How to create a HEX color palette for Displayr
While most visualizations have built-in color palettes, more often than not you'll want or need to customize them. Having a color palette set up BEFORE you start making a dashboard in Displayr will not only help you craft a beautiful dashboard, it will save you a lot of time in the long-run! We highly recommend doing this as a preparation step before you embark on creating your Displayr document.
There are numerous reasons why you might want to customize your colors. Perhaps you need to conform to design, brand or client guidelines. Perhaps you just want to satisfy your own design aesthetics and taste. Setting up a color palette (i.e. a list of the codes), before you start building your dashboard will help you make a beautiful document or report far more efficiently – both in terms of working out nice colors (for the design element), but also giving you a list of codes you can conveniently reference when you need to.
What are HEX color codes?
The visualizations in Displayr require you to use HEX codes when you want to customize the color palette. HEX codes are a six digit string of letters/characters that encode a specific color. RGB can encode colors too – they use a combination of three numbers separated by a comma (red,green,blue). In some cases, you can specify one specific custom color using RGB or HEX. For the visualizations where you are specifying a list of colors (i.e. multiple colors at once), this is where HEX comes into play. As the visualizations and charts universally can use HEX for custom coloring, the goal is to get a list of HEX codes in a palette.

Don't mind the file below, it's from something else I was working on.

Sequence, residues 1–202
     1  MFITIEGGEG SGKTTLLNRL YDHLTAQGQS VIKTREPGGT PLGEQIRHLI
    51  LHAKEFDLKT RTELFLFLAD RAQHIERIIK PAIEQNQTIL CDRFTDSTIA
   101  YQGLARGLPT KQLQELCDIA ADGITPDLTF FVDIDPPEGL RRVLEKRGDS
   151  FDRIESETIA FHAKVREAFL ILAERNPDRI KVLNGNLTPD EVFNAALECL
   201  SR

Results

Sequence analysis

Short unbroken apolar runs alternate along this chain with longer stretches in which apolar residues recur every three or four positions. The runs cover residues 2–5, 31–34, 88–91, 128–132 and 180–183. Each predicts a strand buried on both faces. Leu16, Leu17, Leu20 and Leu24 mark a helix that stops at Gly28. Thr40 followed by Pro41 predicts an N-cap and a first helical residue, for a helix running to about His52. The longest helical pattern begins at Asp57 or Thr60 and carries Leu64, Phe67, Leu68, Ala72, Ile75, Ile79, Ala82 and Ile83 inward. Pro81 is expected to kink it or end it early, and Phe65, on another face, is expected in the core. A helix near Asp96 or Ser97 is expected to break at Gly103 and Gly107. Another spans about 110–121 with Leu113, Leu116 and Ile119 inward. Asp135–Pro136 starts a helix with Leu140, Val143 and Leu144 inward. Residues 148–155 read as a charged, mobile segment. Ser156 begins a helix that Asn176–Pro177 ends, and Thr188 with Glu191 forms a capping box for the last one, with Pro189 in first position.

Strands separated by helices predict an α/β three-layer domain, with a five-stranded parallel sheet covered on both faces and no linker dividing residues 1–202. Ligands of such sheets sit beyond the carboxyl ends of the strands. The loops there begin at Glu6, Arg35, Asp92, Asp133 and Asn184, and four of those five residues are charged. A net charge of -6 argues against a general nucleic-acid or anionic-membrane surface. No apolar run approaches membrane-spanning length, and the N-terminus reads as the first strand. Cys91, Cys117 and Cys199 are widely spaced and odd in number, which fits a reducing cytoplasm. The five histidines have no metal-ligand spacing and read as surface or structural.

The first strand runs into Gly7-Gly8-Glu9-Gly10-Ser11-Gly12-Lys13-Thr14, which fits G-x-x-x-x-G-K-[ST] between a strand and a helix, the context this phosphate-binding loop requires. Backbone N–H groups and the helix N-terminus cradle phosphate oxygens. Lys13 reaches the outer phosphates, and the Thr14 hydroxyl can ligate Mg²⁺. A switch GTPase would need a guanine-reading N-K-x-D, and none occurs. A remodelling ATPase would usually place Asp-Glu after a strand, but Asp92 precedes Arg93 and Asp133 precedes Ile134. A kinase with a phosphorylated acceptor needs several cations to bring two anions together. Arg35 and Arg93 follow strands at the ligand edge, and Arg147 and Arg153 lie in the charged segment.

The purpose of this post is two-fold:
- Recapping how to customize the colors in visualizations in Displayr
- How you can set up a color palette for use in Displayr (with both RBG and HEX codes)
Make sure you check out the shortcuts to making a color palette at the end of this post.
How to customize the colors in Displayr
In Displayr, you need to create the visualization first before customizing your colors. Once you have inputted your data and created your visualization, click on it and then go over to its Object Inspector (on the right). Under the Charts > DATA SERIES > Color palette you should see an option in the drop-down for “Custom palette”. Selecting this will then display the Custom palette input box, as shown below:
In the default input box, there are two codes (in HEX codes). They start with a hash/pound # and are separated by commas.
Important note: You need to input the color codes in the order of the data series.
So in the above example, your first series will appear as #5C9AD3 (which is a darkish grey-blue), and then the next one will appear as #ED7D31 (a burnt orange). If you have more data series than the codes given above, then Displayr will recycle the colors. So if I had 6 series with the above, I’d get blue, orange, blue, orange, blue, orange (which wouldn’t look great). I’d need to input a full selection of 6 hex codes to get something distinctive for each series.